Three Taverns Church

Would You Die For A Lie?


“People will die for their religious beliefs if they sincerely believe they’re true, but people won’t die for their religious beliefs if they know their beliefs are false.” The Case For Christ, Lee Strobel

This quote comes from an interview in which Strobel is discussing the circumstantial evidence surrounding the Resurrection with J.P. Moreland, Ph.D. Moreland contends that one of the best pieces of circumstantial evidence supporting the Resurrection is the fact that many early disciples, and all but one apostle, died for their faith. In response Strobel notes that many people throughout history have been willing to sacrifice their lives for their beliefs including Muslims, Christians, Mormons, Hindus, Jews and Buddhists.

But of all these religious groups only one makes the radical claim that its founder rose from the dead, and that same group claims to have witnessed the risen leader.

Two thousand years later we must take a living Christ on faith, but Jesus’ earliest followers did not: They said they saw Him alive. Now, if they really saw Jesus alive after He died on the cross, their radical lifestyle changes and their willingness to die for the gospel makes complete sense; it’s exactly the kind of response you’d expect.

However, if the disciples claimed to have seen Jesus alive between the Resurrection and the Ascension but knew they had fabricated the story, would they have been willing to die for that lie? Consider it this way: If more than 500 people in North Korea today lied about witnessing the risen Christ in bodily form, how many executions do you think it would take to expose the falsehood? One?  Maybe five? I doubt it would take more than that to reveal the story as a hoax. So why couldn’t the brutalization and murder of the earliest Christians force them to recant their testimony of the Resurrection?

Strobel’s conclusion: Because the Resurrection actually happened; they couldn’t recant their testimony because it was true.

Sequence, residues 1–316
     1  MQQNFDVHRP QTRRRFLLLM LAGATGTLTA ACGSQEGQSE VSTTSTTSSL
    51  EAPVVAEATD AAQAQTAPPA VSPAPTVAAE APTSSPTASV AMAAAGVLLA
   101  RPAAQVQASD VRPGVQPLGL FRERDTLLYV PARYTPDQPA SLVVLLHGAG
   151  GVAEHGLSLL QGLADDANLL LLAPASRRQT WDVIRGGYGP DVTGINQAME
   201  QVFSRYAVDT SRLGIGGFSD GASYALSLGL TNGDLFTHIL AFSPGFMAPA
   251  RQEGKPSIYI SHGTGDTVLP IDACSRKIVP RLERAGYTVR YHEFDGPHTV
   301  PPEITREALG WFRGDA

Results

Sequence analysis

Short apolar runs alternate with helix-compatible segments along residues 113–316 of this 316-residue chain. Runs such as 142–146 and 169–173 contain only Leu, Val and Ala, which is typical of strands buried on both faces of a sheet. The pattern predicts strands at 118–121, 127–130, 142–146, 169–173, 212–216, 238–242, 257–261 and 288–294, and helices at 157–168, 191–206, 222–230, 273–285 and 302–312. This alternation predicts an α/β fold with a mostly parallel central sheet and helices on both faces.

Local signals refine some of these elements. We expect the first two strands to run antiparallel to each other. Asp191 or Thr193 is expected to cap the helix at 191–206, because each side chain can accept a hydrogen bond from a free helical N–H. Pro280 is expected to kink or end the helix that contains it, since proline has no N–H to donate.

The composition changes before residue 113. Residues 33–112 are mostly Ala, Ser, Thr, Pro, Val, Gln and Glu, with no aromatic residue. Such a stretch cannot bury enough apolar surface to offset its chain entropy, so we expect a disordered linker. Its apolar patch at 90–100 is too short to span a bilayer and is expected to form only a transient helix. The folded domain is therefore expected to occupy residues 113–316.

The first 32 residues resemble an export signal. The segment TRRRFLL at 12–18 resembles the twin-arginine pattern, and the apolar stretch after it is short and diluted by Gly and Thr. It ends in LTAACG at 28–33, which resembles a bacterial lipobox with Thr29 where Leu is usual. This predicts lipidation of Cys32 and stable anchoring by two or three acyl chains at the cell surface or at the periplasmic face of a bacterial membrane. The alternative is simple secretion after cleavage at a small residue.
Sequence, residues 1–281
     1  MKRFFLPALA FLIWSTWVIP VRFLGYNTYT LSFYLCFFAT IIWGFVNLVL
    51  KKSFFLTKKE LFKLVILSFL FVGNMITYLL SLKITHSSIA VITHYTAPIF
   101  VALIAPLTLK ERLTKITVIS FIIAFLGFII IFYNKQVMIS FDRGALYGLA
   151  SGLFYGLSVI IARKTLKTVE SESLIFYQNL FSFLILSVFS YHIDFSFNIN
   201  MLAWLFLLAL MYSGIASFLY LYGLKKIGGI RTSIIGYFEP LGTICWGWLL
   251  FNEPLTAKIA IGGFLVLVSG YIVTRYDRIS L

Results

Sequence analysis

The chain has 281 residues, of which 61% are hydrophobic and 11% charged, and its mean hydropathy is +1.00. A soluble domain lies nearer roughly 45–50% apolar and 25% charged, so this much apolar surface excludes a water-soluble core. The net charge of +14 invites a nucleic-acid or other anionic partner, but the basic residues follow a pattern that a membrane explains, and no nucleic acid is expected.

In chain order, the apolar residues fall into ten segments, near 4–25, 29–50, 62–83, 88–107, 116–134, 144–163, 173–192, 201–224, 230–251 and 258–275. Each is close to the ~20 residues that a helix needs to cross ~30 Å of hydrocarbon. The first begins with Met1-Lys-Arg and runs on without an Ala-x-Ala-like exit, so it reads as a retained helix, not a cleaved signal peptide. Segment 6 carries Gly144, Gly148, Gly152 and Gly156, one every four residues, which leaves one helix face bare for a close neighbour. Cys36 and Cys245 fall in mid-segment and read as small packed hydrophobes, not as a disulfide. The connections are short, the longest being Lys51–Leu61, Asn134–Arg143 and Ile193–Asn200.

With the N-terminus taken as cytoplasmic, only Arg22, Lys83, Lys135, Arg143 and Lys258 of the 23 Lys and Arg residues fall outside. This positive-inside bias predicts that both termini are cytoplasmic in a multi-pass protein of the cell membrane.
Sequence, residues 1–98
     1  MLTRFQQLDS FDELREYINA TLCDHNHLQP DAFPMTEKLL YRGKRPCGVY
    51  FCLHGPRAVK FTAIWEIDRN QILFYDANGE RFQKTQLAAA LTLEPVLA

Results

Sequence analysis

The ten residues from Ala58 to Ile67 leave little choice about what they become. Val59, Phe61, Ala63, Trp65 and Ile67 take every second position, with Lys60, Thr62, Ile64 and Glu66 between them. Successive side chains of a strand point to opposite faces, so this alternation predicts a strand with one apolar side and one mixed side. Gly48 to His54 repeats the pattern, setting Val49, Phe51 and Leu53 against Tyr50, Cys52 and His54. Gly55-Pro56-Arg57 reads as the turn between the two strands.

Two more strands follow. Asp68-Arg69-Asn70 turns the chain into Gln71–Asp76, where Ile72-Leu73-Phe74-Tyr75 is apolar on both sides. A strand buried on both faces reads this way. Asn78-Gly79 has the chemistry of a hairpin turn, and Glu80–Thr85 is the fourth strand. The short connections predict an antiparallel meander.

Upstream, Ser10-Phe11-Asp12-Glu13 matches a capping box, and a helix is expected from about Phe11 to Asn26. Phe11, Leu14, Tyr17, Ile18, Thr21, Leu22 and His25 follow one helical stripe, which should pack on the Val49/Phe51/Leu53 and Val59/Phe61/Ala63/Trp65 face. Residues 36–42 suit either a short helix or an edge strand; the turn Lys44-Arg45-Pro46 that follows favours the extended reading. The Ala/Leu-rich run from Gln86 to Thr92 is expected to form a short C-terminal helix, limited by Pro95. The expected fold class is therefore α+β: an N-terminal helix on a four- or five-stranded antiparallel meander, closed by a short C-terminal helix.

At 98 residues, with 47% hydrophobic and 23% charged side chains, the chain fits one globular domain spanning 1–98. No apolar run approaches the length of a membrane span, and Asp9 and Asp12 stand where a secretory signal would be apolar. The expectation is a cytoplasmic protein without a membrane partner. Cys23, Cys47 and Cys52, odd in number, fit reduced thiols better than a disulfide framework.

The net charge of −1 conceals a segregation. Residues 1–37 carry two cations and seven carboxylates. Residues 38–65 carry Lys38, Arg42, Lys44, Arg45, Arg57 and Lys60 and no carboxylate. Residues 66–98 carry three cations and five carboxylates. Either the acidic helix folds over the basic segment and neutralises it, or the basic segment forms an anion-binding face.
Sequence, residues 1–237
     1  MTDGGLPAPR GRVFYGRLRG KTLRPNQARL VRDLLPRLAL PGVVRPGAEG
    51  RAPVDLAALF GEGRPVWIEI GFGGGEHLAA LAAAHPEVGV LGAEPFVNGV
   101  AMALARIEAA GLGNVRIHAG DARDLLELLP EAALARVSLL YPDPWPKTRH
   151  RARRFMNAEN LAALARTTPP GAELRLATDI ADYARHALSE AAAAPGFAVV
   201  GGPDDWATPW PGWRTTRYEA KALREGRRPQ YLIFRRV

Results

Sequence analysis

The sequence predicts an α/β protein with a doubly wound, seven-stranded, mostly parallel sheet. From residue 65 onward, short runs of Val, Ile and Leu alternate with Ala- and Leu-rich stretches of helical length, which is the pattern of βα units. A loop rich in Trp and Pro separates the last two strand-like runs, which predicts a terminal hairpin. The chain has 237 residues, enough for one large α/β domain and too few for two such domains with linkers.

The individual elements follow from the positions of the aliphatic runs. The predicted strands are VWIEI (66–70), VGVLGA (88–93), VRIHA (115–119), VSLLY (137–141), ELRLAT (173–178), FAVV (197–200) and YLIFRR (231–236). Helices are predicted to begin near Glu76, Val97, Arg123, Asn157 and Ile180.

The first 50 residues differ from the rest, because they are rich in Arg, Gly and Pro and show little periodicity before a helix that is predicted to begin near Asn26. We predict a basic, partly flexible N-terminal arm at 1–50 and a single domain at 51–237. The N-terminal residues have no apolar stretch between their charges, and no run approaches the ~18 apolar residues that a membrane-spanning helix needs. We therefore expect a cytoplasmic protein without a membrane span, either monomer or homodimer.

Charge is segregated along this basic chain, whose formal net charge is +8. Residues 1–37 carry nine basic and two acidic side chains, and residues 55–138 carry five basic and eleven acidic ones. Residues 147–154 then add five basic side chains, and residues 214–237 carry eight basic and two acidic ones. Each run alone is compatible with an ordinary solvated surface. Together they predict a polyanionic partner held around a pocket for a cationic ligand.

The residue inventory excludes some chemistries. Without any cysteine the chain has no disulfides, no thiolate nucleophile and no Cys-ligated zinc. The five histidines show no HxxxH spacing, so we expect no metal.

2 thoughts on “Would You Die For A Lie?

  1. Alright, Mongoose…now you are talking my language. “Are you raedy to die for what you believe?” in is a very good question. I was asked that by a member of the Aryan Nation who had just been released from prison after serving 17 years for manslaughter. I was confronted with that agina by a 230lb fireplug who was ready to take me apart. Later that same day he marched across the pavement into my face and asked, “Do you have a problem?”

    In another city a serious man told me, “I will find you on the street.” At the time I walked home on a known route in a small town after midnight four nights a week.

    I have had police put their hands on the butts of their guns and tell me I “needed to go inside.”

    I walked out of a motel room in Memphis into a 9mm while a cop asked me where I was going and told me to leave the area quietly.

    I spent 4 hours in a hotel room and walked away when I should have died.

    I, personally, IN YOUR FACE, have dealt with threats of death and imprisonment (for real) if I wouldn’t stop saying what I knew was true.

    For four months I sat beside someone who told me daily that I deserved to die, how they planned to kill me, what would be done with my body….and then I was asked to kindly provide and advanced suicide note.

    Am I ready to die for what I believe? How many imes must I prove it?

    Beliefs are powerful things, Mongoose. Oftentimes they demand sacrifice. Depper beliefs require deeper sacrifices.

    One must be careful to which beleifs they open themselves to, lest they die for nothing.

    • Thank you for opening up and sharing so much! I can’t say much about most of your comment, but I love your very last statement: “One must be careful to which beliefs they open themselves to, lest they die for nothing.”

      Indeed. Many people have died for their beliefs throughout history, as I noted in this post. But of all those sacrifices, which will be honored and which were for nothing? It is my hope that everyone would seriously consider their own beliefs so they do not sacrifice their lives in vain.

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